In the still from the short film Cassini's Grand Finale, the spacecraft is shown diving between Saturn and the planet's innermost ring. (Courtesy NASA/JPL-Caltech)

Cassini’s ‘Grand Finale’ just the beginning of NASA’s renaissance

Science, Technology, Top story

For the first time, a human-built spacecraft has sailed into the region between Saturn and the gas giant’s rings.

NASA’s Cassini spacecraft, launched almost 20 years ago, has orbited Saturn since 2004, but its final voyage is at hand.

Basically out of fuel, the craft is expected to orbit the planet until crashes down this fall — assuming it survives today’s epic milestone.

Why aim for the planet? If left to drift, NASA says, a dead Cassini could endanger environments on the moons of Titan or Enceladus, which have been deemed potential habitats for primitive life forms.

Google, being Google, today commemorated the occasion with one of its famous Doodles, somehow capturing a range of emotions in a brief animated GIF:

Saturn and Cassini Google Doodle

‘Grand Finale’ and beyond

Earlier this month, during my trip to Orlando for Star Wars Celebration, I had the chance to visit NASA’s Kennedy Space Center in Florida, where Cassini began its mission in 1997.

In the still from the short film Cassini's Grand Finale, the spacecraft is shown diving between Saturn and the planet's innermost ring. (Courtesy NASA/JPL-Caltech)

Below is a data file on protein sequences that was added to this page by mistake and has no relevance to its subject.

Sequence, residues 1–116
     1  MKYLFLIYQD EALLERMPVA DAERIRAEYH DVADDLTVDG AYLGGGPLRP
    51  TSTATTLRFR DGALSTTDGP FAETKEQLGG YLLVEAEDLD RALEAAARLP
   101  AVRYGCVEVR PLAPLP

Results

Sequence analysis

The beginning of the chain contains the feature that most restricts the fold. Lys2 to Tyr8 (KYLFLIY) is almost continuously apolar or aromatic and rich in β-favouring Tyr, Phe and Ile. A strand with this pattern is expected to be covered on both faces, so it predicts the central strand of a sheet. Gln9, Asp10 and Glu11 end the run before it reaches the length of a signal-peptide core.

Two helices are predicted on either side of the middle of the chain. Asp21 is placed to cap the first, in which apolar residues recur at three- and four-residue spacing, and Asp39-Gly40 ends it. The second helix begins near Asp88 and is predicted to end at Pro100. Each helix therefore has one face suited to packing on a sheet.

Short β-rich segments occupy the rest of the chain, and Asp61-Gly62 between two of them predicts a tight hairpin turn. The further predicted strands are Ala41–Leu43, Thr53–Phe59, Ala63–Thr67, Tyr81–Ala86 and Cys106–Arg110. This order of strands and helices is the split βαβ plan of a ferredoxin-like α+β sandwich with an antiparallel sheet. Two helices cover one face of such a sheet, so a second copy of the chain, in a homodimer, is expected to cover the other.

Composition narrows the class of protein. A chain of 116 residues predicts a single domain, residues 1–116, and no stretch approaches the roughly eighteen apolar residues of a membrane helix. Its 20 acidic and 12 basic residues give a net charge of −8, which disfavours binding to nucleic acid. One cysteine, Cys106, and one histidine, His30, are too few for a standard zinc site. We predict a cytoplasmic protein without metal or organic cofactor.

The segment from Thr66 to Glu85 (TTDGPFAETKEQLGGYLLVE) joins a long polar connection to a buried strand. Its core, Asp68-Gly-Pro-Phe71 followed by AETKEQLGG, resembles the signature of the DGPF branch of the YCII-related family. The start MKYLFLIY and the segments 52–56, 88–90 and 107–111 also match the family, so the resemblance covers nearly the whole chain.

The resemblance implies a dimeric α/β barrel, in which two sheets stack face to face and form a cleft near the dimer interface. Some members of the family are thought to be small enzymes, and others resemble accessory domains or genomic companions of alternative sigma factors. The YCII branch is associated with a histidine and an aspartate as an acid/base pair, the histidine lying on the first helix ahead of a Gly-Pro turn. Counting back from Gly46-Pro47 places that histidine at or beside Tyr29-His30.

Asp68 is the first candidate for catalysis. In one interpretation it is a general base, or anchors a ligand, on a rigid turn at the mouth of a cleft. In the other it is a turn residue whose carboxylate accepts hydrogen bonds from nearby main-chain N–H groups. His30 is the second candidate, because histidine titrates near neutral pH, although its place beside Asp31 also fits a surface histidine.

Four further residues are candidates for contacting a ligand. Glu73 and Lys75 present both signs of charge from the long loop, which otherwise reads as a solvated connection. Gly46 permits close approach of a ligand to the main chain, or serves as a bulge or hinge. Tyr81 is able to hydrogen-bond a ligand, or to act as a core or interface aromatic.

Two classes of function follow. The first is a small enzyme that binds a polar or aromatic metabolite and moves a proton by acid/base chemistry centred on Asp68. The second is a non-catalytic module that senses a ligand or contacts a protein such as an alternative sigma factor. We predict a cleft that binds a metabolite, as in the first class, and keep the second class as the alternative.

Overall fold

In the still from the short film Cassini’s Grand Finale, the spacecraft is shown diving between Saturn and the planet’s innermost ring. (Courtesy NASA/JPL-Caltech)

Aside from being a top-tier tourist destination even so close to the Disney-Universal-Sea World complexes, I was struck by how Kennedy Space Center is buzzing with excitement for what the future holds in terms of both manned and unmanned space exploration and experimentation. (If you ever go, be sure to make time for the bus tour around the facility outside the visitors center, as well as the new Heroes and Legends exhibit/attraction.)

Much of the out-of-this-world innovation making headlines today may be in private business hands, and it may take international help to get our astronauts to orbit for the moment, but the old launchpads and control centers are still here, in demand more than ever and ready for the renaissance in American rocket science and leadership in space — and with even¬†manned missions coming home, that new era is beginning even as Cassini’s productive life comes to a spectacular end.

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